I was reading an interview with Charlie Todd of Improv Everywhere on SmartData Collective the other day and what I read and saw was “FUN!”

Improv Everywhere says they create chaos and joy in public places. First they get your attention and then they make you smile. When is the last time you did something silly? Yahoo sponsored this Improv Everywhere event where hundreds of people listened to the same MP3 on their headphones and followed the goofy instructions. How about the largest game of Twister?

 

On a more deliberate marketing note, watch as my alma-matter T-Mobile, takes over the Liverpool Street Station. Initially, you see the typical moving crowds. As the music begins to play, a few of them start dancing, and then as it progresses, what looked like on-lookers are now joining the dance.

No doubt it was all choreographed, but to the hundreds of people watching at the LS Station and the millions who have now seen it on YouTube, it was captivating. You could see several people using their cell phones to video what they were seeing, which was exactly what T-Mobile wanted. The viral exposure has been phenomenal. It’s been viewed over 10 million times around the world!

So my question is can B2B marketing be fun? What can we do to be more viral? What good examples have you already seen?

7 Comments
  1. Yes, B2B can be fun. As a copywriter, I did a few projects for SAP via Traction, the ad agency just named B2B Interactive agency of the year by B2B magazine. SAP folks were surprisingly open to taking risks. We did a take-off on Iron Chef. We also did a wonderful presentation featuring an animated whiteboard. And for Sun, we did a great concept for Java Studio that featured an animated desktop, visible first-person, with stuff that you’d find in a typical cube–photos, trophy, desk tchotchkes–all of which were links to relevant information.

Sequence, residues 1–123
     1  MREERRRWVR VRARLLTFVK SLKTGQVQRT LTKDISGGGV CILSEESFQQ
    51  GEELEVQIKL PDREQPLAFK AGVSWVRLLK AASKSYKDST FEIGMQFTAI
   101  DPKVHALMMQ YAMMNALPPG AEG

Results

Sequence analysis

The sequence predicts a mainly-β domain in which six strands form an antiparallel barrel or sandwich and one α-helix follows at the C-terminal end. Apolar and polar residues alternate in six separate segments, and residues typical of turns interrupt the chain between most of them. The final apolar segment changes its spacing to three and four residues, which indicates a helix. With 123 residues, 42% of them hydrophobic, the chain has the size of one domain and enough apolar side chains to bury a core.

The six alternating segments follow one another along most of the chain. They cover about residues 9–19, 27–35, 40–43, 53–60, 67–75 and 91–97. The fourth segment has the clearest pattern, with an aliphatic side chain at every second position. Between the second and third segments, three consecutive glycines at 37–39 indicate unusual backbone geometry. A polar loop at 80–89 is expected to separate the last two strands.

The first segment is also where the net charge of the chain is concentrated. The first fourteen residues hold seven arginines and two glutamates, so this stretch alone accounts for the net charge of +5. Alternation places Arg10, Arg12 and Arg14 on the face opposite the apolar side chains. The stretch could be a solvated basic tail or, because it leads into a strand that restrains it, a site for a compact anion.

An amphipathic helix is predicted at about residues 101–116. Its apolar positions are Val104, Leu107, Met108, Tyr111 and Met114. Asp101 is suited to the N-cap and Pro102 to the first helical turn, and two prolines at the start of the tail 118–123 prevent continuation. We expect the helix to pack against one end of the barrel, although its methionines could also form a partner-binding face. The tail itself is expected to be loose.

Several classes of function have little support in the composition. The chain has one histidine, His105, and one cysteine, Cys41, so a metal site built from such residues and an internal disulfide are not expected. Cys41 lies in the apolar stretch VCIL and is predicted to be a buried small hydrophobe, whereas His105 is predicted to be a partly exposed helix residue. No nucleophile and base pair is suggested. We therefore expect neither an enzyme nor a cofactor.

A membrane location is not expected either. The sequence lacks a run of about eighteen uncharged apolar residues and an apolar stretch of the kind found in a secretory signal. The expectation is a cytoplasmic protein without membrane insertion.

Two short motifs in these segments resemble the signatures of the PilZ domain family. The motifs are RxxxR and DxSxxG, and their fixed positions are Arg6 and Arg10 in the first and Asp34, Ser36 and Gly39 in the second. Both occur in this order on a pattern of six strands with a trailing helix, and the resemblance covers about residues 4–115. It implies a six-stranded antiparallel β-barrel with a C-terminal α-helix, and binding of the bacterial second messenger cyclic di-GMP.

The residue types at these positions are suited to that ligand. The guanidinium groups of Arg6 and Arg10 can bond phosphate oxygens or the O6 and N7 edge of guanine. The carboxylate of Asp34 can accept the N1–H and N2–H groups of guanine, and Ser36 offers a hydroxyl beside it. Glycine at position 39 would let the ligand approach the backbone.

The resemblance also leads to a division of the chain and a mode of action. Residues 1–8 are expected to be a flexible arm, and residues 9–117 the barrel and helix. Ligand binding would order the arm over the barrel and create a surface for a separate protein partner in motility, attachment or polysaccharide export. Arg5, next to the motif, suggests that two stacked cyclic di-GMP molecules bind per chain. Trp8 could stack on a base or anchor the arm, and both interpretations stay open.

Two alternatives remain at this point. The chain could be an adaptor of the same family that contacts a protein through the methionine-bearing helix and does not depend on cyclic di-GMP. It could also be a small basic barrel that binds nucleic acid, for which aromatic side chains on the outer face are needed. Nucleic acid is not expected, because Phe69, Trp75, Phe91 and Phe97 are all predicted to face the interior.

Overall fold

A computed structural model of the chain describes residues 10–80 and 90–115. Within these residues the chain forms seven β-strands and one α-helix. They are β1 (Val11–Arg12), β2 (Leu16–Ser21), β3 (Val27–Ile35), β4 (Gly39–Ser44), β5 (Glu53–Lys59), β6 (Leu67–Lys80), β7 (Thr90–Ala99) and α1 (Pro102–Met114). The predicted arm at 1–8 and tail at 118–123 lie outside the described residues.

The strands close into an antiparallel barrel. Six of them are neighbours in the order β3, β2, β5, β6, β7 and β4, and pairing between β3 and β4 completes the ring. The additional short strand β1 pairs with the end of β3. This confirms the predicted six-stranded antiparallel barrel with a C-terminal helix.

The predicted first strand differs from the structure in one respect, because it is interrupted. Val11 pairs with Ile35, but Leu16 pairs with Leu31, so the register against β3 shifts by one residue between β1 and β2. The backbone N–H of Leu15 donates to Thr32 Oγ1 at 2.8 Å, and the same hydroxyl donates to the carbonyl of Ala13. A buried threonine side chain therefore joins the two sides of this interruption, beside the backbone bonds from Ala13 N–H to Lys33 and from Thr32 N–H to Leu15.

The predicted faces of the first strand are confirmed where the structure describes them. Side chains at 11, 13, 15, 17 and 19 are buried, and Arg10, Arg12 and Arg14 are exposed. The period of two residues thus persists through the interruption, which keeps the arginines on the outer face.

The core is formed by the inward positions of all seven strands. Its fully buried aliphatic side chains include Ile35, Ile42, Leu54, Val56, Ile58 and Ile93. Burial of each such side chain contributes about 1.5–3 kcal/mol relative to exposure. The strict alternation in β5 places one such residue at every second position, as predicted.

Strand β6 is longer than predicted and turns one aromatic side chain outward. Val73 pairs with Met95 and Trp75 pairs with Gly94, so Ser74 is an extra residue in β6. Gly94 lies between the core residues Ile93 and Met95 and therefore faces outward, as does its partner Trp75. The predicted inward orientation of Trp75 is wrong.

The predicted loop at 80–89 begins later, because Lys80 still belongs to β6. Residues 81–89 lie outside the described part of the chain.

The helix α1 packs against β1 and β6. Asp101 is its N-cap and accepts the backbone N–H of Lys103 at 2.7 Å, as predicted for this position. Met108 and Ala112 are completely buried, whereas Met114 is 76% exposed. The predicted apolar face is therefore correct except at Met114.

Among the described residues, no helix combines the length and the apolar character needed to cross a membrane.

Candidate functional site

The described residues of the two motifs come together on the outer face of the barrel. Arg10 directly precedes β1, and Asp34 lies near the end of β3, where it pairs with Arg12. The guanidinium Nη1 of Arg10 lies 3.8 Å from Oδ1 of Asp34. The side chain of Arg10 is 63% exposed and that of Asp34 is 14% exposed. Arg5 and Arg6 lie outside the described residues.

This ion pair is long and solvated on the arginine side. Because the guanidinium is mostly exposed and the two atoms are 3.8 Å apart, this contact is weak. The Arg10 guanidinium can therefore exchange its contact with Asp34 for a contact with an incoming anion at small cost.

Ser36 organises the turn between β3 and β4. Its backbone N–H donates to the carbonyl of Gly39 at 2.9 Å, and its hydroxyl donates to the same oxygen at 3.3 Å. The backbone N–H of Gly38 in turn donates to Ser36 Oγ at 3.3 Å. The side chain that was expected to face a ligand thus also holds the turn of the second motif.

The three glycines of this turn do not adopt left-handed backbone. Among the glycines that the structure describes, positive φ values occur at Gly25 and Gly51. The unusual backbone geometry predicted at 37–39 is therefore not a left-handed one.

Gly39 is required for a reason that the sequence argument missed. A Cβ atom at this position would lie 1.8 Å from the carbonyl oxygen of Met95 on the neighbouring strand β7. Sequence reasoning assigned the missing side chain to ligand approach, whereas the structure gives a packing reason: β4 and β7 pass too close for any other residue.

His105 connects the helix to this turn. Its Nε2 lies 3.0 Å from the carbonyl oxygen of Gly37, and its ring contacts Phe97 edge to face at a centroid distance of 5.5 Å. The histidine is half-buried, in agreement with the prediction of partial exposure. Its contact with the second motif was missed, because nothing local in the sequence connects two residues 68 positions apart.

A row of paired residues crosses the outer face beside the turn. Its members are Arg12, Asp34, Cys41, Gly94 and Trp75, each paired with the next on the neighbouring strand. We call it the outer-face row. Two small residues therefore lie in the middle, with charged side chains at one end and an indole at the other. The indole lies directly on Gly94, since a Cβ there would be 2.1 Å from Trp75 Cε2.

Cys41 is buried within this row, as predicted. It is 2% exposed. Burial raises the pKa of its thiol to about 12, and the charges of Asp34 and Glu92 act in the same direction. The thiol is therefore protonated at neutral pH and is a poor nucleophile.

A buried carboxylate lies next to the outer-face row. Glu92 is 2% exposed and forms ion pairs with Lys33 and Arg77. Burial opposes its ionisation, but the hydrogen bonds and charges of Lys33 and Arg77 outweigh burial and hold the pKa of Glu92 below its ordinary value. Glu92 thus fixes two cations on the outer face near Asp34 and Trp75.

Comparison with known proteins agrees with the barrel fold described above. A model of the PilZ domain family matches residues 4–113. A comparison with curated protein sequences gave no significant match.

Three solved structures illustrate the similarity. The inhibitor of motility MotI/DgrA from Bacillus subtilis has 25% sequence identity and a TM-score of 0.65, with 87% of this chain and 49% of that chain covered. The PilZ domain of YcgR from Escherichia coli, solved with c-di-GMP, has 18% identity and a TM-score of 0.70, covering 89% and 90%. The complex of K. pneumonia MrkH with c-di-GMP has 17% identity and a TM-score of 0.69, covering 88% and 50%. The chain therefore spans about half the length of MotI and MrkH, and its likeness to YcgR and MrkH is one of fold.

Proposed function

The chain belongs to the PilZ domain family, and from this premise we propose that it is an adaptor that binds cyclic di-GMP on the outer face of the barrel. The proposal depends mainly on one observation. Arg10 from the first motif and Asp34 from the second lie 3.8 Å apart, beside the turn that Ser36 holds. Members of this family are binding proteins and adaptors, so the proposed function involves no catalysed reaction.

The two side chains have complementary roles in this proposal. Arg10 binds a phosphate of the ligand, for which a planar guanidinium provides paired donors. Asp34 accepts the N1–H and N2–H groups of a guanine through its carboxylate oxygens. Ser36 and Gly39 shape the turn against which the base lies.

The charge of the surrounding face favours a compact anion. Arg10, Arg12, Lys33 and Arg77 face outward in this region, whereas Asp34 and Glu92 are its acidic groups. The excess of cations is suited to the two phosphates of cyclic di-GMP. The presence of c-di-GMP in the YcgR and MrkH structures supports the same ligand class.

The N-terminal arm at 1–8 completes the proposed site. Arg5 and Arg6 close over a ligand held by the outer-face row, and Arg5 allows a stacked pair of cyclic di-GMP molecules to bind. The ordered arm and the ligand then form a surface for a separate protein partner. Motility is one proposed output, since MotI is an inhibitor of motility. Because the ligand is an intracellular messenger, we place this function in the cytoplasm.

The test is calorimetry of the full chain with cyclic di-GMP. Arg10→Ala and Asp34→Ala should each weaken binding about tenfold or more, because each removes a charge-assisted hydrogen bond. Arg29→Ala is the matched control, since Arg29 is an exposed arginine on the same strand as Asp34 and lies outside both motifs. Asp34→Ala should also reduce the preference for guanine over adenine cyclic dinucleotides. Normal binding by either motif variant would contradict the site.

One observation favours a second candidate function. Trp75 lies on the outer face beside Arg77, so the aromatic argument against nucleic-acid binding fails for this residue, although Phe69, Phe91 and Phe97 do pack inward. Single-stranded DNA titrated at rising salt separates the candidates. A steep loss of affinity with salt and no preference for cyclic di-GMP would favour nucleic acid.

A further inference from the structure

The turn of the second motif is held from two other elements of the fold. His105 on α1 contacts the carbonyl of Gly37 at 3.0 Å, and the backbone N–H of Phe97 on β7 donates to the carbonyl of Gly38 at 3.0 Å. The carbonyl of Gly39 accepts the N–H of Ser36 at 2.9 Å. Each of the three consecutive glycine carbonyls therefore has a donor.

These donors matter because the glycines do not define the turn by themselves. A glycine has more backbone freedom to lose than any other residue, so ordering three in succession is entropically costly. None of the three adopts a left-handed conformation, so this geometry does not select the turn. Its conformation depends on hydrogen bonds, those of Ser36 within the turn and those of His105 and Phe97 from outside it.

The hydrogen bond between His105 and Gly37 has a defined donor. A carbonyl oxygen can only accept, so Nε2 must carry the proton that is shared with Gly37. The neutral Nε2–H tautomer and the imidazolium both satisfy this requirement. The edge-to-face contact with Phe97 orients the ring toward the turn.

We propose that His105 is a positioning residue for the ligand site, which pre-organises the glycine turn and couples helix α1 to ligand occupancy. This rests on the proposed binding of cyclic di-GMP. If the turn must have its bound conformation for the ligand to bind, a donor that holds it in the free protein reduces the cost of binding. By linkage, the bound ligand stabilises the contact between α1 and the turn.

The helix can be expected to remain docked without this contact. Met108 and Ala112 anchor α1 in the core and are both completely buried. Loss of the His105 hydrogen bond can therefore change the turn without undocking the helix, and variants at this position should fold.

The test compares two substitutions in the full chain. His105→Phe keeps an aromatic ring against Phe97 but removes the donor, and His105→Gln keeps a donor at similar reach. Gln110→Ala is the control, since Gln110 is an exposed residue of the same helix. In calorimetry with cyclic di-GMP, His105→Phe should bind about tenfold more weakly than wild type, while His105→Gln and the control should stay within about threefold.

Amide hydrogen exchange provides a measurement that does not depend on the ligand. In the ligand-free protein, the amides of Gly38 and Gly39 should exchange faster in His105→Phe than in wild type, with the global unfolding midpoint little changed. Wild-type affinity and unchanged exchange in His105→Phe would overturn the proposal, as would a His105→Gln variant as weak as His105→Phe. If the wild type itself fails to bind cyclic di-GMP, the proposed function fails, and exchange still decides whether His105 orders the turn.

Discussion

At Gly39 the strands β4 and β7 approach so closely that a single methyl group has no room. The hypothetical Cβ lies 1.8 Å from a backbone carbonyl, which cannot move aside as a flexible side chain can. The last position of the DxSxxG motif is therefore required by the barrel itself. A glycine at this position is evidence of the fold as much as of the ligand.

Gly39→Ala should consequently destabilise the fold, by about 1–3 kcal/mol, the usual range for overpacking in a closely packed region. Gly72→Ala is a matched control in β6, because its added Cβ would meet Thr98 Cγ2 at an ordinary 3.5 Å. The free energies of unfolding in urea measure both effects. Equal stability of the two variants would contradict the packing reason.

None of this stuff was meant to be viral. Give me a need, however, and I can come up with something.

  2. Of course it can be fun. But while crazy/dancing/silly might be one man’s fun, it is another’s nightmare. Fun is enjoyment, and enjoyment is usually when people get what they want. Having said that, the point here is spontaneity – and if that helps separate your brand from the others, it can’t be bad.

  3. I think it depends on who you’re targetting. Here is another great B2B example by Roche: http://roche.cnpg.com/video/flatfiles/843/index.aspx. It’s an unplugged version of a rock video they created to promote a new product.

    @chadhorenfeldt

  4. Good ones.
    We had some fun with this video for ShipServ, the e-marketplace for the shipping industry (not known for its creative marketing).

    http://www.youtube.com/watch?v=W5jRvfUJvVc&feature=channel_page

  5. As John notes, of course it can be fun — the challenge comes in making it effective as well. 10+ years ago we staged a ‘men in black” themed promotion at a oil & gas trade show, complete with a half-dozen tall young men outside the hall in black suits and sunglasses with large cases hand-cuffed to their wrists, distributing coded messages (to be decoded at our exhibit). It was fun — and we dominated the event with our message.

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